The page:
Winter appears to have arrived before anyone was expecting it. That said, logging crews will start looking at freezing roads down to get into their low winter ground jobs. Fortunately for us here in the middle of the state, we are starting out perfect with very cold temps and little to no snow on the ground. This will help to drive frost deeper.
The last few months have been productive in the blowdown areas and we have been bringing a lot of logs into the yard as a result of the summer storms. We are very thankful to the many logging crews both from Wisconsin and Upper Michigan for assisting us in getting many landowner properties cleaned up. Also, we are very thankful for all the work Henry Schienebeck did to get Michigan log trucks able to haul out of the storm damaged areas.
We are continuing to work on blowdown for as long as we can, until either the snow gets too deep or the stumps and tops freeze down too hard in the ground. The hardwood pulp and aspen markets remain strong and look as though they will remain that way throughout the winter. We are still accepting landowners who need clean up done on their property and have been out every week running property lines and will continue to do so until it gets too dangerous. If you or anyone you know is in need of assistance, please don’t hesitate to contact our foresters. Thanks for all of your patience and good luck hunting!
July brought a round of severe storms to our area, the severity not seen in our communities for quite some time. According to the National Weather Service, the damage path from the storm was 60 miles long and 10 miles wide. The hardest hit areas saw 100+ mph winds. Over 300,000 acres were damaged with particularly hard hit areas here in Kretz Lumber Company’s back yard. Some of the landowners we are working with lost 90% of the timber on their property. The damage is unprecedented.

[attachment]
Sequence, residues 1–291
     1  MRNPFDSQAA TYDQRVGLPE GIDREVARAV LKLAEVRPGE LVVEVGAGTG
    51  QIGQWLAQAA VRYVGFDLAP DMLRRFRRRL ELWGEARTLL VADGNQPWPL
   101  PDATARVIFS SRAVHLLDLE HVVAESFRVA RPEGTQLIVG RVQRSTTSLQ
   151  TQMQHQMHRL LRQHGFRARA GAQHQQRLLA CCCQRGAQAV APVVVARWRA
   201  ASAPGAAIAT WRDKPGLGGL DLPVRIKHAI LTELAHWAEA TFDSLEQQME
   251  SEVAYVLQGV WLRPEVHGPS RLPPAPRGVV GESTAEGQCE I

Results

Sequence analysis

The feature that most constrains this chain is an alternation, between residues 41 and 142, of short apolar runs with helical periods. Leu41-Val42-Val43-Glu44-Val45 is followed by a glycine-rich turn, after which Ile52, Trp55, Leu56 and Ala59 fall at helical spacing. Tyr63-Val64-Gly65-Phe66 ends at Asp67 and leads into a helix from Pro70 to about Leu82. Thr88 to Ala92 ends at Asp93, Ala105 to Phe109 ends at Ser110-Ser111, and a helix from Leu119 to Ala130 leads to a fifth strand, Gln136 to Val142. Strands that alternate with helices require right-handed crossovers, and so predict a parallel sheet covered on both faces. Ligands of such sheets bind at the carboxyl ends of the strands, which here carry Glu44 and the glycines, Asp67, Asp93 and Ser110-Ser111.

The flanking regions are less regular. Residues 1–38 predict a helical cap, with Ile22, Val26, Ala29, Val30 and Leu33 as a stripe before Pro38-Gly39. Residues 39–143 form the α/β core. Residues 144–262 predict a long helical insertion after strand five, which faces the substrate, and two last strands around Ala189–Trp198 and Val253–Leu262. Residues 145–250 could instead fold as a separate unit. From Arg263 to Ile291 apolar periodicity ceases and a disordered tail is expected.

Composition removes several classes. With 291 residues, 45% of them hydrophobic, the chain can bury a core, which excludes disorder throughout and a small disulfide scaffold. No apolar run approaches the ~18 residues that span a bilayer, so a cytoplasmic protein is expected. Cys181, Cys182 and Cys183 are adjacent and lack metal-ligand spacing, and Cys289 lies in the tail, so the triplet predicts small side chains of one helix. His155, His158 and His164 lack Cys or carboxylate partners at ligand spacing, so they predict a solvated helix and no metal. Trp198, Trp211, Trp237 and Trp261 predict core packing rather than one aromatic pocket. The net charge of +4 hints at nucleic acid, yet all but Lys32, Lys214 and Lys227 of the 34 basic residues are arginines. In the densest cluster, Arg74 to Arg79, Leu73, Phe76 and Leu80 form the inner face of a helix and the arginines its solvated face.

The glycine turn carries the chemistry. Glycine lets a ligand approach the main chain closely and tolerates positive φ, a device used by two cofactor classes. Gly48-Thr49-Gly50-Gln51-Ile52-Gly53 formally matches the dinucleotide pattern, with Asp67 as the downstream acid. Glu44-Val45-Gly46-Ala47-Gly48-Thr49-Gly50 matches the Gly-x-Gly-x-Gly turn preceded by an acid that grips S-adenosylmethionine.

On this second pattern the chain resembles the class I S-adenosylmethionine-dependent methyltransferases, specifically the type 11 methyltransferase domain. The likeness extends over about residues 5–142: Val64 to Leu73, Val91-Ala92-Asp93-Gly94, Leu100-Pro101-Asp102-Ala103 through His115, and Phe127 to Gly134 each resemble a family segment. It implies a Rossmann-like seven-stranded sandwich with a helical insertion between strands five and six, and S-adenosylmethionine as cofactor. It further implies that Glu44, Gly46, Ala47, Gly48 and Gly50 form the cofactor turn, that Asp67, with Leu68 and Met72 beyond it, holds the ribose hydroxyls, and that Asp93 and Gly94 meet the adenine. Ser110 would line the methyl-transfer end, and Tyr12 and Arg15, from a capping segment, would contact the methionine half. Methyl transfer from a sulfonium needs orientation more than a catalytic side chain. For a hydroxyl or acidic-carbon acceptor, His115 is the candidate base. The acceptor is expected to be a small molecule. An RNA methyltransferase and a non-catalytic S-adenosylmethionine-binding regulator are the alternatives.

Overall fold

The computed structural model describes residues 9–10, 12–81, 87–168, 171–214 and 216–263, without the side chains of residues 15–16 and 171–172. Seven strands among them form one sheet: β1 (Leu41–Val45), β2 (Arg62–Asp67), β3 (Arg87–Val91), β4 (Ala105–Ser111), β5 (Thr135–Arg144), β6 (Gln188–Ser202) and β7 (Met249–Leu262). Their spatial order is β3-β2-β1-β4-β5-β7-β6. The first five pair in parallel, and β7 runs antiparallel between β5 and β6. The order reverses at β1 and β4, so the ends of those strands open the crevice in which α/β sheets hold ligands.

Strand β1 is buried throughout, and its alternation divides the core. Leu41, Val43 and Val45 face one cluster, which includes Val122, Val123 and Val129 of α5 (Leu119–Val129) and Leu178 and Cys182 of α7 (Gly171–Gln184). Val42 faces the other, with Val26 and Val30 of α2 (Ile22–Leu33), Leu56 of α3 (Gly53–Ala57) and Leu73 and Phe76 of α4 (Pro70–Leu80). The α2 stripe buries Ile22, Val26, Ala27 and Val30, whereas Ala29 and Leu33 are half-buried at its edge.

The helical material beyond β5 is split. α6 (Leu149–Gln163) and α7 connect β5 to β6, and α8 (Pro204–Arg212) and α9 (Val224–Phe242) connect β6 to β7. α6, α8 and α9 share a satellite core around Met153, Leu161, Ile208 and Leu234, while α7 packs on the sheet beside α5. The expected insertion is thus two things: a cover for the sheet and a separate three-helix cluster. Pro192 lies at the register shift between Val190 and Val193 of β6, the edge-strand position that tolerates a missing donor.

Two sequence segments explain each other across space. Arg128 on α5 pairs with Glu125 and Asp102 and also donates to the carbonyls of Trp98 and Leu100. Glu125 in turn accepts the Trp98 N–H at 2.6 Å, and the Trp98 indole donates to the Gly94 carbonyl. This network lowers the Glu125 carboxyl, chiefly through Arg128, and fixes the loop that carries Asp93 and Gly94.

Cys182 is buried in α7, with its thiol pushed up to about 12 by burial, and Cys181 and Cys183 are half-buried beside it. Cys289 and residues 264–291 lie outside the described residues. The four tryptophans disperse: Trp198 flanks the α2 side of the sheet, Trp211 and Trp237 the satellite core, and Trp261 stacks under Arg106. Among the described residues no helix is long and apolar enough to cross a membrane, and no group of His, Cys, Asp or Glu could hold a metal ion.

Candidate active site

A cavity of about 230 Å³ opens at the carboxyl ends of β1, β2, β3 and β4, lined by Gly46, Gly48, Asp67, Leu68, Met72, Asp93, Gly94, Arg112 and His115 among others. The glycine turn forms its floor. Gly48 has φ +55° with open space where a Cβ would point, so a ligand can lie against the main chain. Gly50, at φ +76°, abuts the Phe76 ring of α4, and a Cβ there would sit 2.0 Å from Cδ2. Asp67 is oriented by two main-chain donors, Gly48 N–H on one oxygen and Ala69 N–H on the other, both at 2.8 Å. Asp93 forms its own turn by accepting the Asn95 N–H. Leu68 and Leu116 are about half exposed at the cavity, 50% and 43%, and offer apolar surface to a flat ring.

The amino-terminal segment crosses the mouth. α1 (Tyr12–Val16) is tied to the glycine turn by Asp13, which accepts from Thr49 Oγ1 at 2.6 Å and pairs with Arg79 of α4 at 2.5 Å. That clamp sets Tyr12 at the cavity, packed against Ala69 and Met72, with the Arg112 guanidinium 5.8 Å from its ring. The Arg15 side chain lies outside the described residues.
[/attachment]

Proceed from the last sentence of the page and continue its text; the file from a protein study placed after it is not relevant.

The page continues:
As I write this, most roads and structures have been cleared, however the concern now is getting woodlots cleaned of downed trees in a reasonable amount of time. While the damage is hard to look at, a silver lining is that the majority of hardwoods in this area were impacted by straight line winds. Because of this, root balls are generally still left attached to the base of the fallen tree and the threat of the logs staining quickly is reduced. Staining happens when logs sit and aren’t processed in a sawmill in a timely manner (ideally, within a few weeks). Prior to entering the sawmill, logs are susceptible to a staining fungi. September and October are notoriously fast staining months in our area given the changing temperatures. When staining occurs, the lumber grade is lowered. Hence, the urgency in our cleanup efforts.
As you can imagine, resources in our area have been stretched to the max. There just aren’t enough loggers and trucking to haul the cut trees to log yards as fast as we all would like. Additionally, this event will most definitely lead to a lumber surplus in our local mills. Our team is working overtime to assist and support landowners impacted by these storms. If you have storm damage related questions or if you’d like a forester to advise on the cleanup of your property, don’t hesitate to contact us.
A fair number of folks feel that any disturbance days or even weeks before the deer hunting season is to be avoided at all costs because it will scare away the deer and ruin the hunt. The 2018 gun season proved the opposite for Todd Wanta and his boys as the story and pictures below illustrate.
From Todd Wanta: "The Wisconsin 2018 gun deer season will be one that I will remember for a long time. Not because I harvested my largest buck, but because I got to share my hunt with my young sons. On the morning of opening day I found myself overlooking a recently logged area that would provide both some food and a great advantage point for seeing deer. It was not long that my hunch was right; I believe we had a “hot” doe in front of the stand and saw multiple deer. After glassing a couple of young up and comer bucks, I spotted a decent eight point that I chose to harvest. After the shot, my boys Clay (7) and Sawyer (4) tracked the buck for me!